Wednesday, December 11, 2019

Ka‘ū News Briefs, Wednesday, December 11, 2019

The Pāhala Senior Center Garden is next to newly renovated senior housing, which is available for applicants.
See more below. Photo by Julia Neal
MITCH ROTH WILL RUN FOR MAYOR IN 2020. The elected county Prosecuting Attorney - known for his neighborhood meetings on safety in Ocean View and his community building programs - made the announcement Tuesday night in Hilo at Liliuokalani Park & Gardens. Roth's campaign released a statement, saying:
     "It would be my honor to serve Hawai‘i Island as mayor. Our island is a jewel in both diversity and shared values. We have opportunities to harness those values into a model for sustainable living, economic stability, and fostering growth in culturally appropriate ways that attract our children home.
     "Over and over, it's proven that the first step to problem solving — and community building — is to bring the right people to the table," Roth said.
     Government doesn't need to do everything, Roth said; government can be the convener, identifying likely partners and providing framework for solutions.
Mayoral candidate Mitch Roth and his wife Noriko, from an
earlier campaign for prosecutor. Photo from Roth Facebook
     "Years ago, I asked myself what my major definite purpose in life is. My answer is simple and solid — to improve the quality of life for my family and my community."
     Roth, an early adopter of the community justice method of problem solving, has traveled around the United States teaching community policing to law enforcement and community members for a Community Policing Institute under the U.S. Department of Justice. He was one of the first community-oriented prosecutors in the nation, the first in Honolulu, and then on Hawai‘i Island, said a statement from his campaign organization.
     Roth has served as the elected Hawai‘i County Prosecuting Attorney since 2012. He served as a deputy prosecutor, staring in 1993, first in Honolulu and then Hawaiʻi Island. One of his first initiatives on Hawai‘i Island was to help launch the Pāhoa Weed and Seed community improvement initiative, which became a national model.
Mitch Roth bowing his head during the launch of his mayoral campaign.
Photo from Big Island Video News
     "Applying community-focused principles at the prosecutor's office, we've built programs to help victims, help reduce juvenile crime by 50 percent, started the first restorative justice program in a prosecutor's office, helped start a Veterans Treatment Court, heightened the attention on sexual assault and domestic violence, and in each step, brought stakeholders to the table as partners," said Roth.
     Roth asked Pomai Bartolome to serve as his campaign chair. She is a graduate of St. Joseph's and Hawaiʻi Community College where she served as president of the student government. She is now completing her liberal arts degree. Bartolome is an active community member. She owns and operates Dream Hawaiʻi Studio, a talent enhancement program, which allows youth an opportunity to build character through performing arts. She is a radio personality, wife, and mother.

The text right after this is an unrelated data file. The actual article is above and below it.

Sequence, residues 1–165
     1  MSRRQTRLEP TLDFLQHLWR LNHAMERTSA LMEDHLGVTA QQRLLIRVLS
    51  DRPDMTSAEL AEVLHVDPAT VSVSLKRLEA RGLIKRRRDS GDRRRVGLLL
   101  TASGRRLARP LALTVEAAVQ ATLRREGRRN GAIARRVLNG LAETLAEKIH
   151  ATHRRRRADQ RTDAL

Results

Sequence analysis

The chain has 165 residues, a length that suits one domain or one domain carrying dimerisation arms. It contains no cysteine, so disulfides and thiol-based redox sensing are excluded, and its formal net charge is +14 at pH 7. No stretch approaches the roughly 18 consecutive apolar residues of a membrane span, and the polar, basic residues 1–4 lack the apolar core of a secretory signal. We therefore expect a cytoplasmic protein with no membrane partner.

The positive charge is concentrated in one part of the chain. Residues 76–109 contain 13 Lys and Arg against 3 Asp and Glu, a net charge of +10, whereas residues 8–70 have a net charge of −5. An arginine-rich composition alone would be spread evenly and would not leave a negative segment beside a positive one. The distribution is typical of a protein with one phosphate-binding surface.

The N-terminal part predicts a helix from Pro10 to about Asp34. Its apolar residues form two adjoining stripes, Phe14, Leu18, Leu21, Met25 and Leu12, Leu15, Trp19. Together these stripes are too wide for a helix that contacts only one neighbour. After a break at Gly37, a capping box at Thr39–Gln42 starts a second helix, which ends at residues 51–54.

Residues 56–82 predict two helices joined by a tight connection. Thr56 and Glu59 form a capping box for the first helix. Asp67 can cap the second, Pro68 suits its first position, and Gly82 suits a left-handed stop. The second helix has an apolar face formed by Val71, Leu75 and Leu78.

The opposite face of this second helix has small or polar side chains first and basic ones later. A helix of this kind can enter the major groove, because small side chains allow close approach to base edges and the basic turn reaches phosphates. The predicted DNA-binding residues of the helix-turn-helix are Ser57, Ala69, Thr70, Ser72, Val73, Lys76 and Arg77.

Pomai Bartolome, Campaign Manager for Mitch Roth.
Photo from Big Island Video News
     Roth is a founding member of the Hawai‘i Island Visitor Aloha Society (VASH); the community Coalition for Neighborhood Safety; NexTech, which creates STEM opportunities for youth; and has helped bring the Citizens Emergency Response Teams (CERT) to Hawai‘i Island. He is dedicated to helping young people achieve their goals. Roth is a board member of the Boys and Girls Club of the Big Island, and of Camp Agape Big Island, a four-day camp for children of incarcerated parents.
     Roth is married to Noriko Yamada Roth and they have three adult children who all graduated from Waiakea High School.

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SENIOR HOUSING IN PĀHALA, operated by the state Hawaiʻi Housing Authority, is nearly renovated and is open for applicants. By the time renovations are completed, there will be 24 units - 16 studio and eight one-bedroom for those 62 and older, and those of any age with disabilities.
     Rent is 30 percent of income. A person whose only income is $800 from social security, for example, would pay $240 a month including electricity and water. The highest rent, including electricity and water, is a flat rate of $865 for studios and $1,018 for one bedroom units.
Newly renovated senior housing units are available in Pāhala.
Photo by Julia Neal
     The renovation opens up units and gives Kaʻū residents a good chance to acquire senior housing locally. In the past, senior housing has been in short supply, with local seniors placed elsewhere on the island and a waiting list of two to five years.
     To apply, call Hawaiʻi Public Housing Authority at 933-0474.
     The Pāhala senior housing is in walking distance of the post office, bank, rural heath clinic, library, pharmacy, hospital, swimming pool, gym, two food stores, and several churches and community centers.
     The housing comes with parking lots and the county provides senior transportation to reach medical appointments, shop, and attend events.
     The housing is adjacent to the Pāhala Senior Center, where the County of Hawaiʻi's Nutrition Program offers $3 meals on weekdays for anyone 60 and older at 10:30 a.m. Sign up for meals by calling Julie Pasquale, Mondays through Fridays, from 8:30 a.m. to 12:30 p.m.
     The Pāhala Senior Center Garden is on the grounds for growing food and is cared for by residents and other volunteers.
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Pāhala Senior Center, where weekday meals are served, next to senior
housing. Photo by Julia Neal
HAWAIʻI IS NAMED BEST PLACE TO RETIRE in some reports. When rated by the cost of living, however, Hawaiʻi rates as the worst state to retire. Pacific Business News reported this morning on an analysis by, saying that those with $100,000 to live on would only last about 14 months. The second most expensive retirement place is California, where $100,000 would last about 18 months, and New York, about 19 months.